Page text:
Stealth Swedes gaining momentum

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SOCHI, Russia -- Sweden? Sweden? Sweden? Ah yes, yellow jersey, three blue crowns? Won a gold medal back in 2006?

Now we remember.

A month ago, folks were lining up to pick the Swedes to win a gold medal at the Sochi men's hockey tournament. Then top players Henrik Sedin and Johan Franzen couldn't make the trip because of injury. Captain Henrik Zetterberg went down early in the tournament after re-aggravating a back injury. And though they won all three preliminary-round games, there was something, well a little unsatisfying about the Swedes' game.

And with the attention of the hockey world diverted to Canada's lineup dilemmas, the Russian arsenal failing to launch after their emotional tilt with the U.S. last Saturday and the impressive play of the Americans, the Swedes got pushed further and further off the Olympic radar.

"Please keep it that way," said veteran winger Daniel Alfredsson shortly after the Swedes shut out upstart Slovenia 5-0 in the first of four quarterfinal games Wednesday.

"I think there's a reason you talk about those big three, especially us, too, with some of the injuries we've had," said Alfredsson, who collected an assist on the first goal of the day -- a Swedish power play late in the first period.

"But we're just going to plug along and take each game as it comes, and I don't think anybody wants to look too far ahead. But it's a great feeling knowing that we're in the semifinals and gear up here for a big effort on Friday."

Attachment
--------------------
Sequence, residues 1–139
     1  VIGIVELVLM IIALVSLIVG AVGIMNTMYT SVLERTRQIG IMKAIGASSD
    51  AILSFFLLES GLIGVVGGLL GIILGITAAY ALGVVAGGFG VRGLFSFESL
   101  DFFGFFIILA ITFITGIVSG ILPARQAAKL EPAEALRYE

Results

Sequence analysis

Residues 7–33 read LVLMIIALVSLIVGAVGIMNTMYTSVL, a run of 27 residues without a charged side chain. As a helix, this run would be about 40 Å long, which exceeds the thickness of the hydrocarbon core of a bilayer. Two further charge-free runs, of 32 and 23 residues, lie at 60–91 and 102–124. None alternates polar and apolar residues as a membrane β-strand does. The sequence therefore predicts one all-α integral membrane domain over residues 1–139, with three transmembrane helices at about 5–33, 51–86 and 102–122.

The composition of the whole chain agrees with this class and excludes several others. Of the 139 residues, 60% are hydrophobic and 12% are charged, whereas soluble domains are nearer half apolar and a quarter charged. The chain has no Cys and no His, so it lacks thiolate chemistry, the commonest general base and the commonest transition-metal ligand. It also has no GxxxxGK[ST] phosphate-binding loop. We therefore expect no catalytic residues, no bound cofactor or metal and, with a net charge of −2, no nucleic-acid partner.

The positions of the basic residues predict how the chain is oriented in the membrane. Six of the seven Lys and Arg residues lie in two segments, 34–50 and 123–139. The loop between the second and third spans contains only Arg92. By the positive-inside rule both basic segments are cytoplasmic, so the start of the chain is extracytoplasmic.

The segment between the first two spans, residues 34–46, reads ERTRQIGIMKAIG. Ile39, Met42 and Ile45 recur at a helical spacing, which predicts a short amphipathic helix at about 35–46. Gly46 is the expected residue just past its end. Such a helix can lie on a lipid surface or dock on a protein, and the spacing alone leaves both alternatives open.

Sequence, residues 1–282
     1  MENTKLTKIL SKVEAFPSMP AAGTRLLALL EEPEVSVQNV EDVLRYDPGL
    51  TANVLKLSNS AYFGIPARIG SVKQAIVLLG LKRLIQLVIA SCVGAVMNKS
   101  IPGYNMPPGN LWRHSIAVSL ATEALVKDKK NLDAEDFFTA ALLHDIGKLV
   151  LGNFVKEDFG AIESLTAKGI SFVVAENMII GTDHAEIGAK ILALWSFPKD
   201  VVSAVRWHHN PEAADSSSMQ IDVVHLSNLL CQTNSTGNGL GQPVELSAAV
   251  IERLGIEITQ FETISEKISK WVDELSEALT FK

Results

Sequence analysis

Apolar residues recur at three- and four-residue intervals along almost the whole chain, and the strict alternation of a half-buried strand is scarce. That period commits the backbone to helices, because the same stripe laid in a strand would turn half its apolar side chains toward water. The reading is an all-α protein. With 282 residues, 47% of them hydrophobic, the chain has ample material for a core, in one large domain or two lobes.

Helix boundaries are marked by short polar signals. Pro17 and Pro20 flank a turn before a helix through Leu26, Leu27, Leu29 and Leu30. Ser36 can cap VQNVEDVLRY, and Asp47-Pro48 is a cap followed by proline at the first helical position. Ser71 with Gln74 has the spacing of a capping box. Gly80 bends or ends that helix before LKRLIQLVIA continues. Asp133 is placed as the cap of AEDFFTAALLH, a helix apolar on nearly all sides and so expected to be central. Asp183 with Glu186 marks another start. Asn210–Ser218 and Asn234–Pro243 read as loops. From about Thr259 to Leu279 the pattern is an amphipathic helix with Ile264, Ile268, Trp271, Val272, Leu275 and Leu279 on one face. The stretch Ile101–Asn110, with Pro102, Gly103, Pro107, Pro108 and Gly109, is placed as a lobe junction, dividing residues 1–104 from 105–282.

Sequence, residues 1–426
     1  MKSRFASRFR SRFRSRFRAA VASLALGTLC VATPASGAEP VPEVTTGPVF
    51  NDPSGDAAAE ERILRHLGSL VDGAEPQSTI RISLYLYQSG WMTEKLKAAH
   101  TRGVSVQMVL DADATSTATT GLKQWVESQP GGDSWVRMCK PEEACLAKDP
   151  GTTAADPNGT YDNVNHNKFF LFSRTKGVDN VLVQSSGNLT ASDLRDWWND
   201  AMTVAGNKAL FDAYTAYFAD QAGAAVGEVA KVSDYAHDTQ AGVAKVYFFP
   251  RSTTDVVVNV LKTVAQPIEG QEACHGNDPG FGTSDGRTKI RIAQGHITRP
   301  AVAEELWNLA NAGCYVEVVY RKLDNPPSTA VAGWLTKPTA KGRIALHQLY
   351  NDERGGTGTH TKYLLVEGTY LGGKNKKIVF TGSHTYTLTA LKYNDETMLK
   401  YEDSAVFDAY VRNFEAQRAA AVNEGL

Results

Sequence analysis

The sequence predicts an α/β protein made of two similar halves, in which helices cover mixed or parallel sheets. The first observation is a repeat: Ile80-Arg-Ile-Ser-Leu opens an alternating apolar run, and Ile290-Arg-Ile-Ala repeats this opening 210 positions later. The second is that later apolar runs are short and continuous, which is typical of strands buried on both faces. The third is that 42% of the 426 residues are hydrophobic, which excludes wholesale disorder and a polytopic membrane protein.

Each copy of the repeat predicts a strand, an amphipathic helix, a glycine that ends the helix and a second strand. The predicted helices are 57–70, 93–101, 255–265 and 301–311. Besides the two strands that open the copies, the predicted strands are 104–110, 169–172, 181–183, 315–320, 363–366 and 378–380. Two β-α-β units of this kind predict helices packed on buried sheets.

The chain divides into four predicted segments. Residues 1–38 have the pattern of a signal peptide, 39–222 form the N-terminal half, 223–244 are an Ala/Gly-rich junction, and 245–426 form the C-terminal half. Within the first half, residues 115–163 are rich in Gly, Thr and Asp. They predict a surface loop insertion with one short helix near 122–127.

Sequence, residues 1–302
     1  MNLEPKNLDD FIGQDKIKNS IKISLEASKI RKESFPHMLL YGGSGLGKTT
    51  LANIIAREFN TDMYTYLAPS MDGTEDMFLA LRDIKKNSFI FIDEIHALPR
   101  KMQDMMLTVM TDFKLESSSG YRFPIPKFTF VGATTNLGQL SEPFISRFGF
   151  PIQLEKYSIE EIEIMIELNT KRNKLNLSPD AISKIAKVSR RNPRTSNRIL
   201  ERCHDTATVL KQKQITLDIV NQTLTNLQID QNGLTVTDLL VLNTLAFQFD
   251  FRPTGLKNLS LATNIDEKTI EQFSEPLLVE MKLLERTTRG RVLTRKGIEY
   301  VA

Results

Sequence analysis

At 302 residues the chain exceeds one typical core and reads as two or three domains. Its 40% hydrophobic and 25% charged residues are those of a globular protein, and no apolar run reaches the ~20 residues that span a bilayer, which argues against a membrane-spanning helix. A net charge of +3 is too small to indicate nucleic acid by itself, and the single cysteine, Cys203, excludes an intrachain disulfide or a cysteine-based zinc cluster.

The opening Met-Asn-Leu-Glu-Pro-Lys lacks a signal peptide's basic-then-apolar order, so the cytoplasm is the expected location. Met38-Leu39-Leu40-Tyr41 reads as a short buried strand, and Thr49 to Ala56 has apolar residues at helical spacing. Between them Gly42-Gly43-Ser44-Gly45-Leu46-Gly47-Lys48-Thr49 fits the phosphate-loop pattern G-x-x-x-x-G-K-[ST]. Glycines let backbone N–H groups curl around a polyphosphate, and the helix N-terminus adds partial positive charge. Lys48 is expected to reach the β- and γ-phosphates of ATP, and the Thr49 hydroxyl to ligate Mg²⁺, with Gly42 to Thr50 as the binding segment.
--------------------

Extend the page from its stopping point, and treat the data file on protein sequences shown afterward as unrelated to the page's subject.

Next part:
Under the radar or not, the Swedes were the first of the four quarterfinalists determined playing at noon local time. They will play the winner of the Russia/Finland quarterfinal.

Although the Finns and Swedes have a long and often tumultuous history on and off the ice and met in the 2006 Olympic final in Turin, Italy, Chicago defenseman Niklas Hjalmarsson figures either way it'll be fun.

Playing the Finns?

"That would be an awesome game. But it's always fun to play in front of a crazy crowd so it would be really fun to play against the Russians, too. But it's always special to play against Finland. It doesn't matter what team we play, it's going to be a really fun game to play anyway. I'm just looking forward to the game," Hjalmarsson said.

Although the Swedes have been living off their power play, leading the tournament in man-advantage productivity, they have struggled somewhat to generate offense at even strength in the tournament. At least until Wednesday when they scored four times playing 5-on-5 all in the third period.

"There's a lot of things that we can work on," said acting captain Niklas Kronwall, who picked up an assist on Wednesday. "I thought tonight our neutral zone was better. I thought tonight was a step in the right direction. We played with more energy.

"We haven't played our best yet, I think we all feel that. But I thought tonight was a solid game right through."

If there is a sign that perhaps this was the Swedes' turning-the-corner moment that all Olympic champions talk about turning as the tournament unfolds, it was Daniel Sedin's goal early in the second period that gave the Swedes a 2-0 lead and some much-needed breathing room.

The tally ended a grisly stretch of 22 straight games (including his NHL games) without a goal dating back to Dec. 30.

"He told me 24," Alfredsson said with a smile. "And a big one, too, at that time of the game and the Olympics. ... When you go longer periods, it's something that obviously becomes something you have to deal with every day. It's a big relief I'm sure for him, but more-so for us. That's a big goal for us; hopefully that gets him going."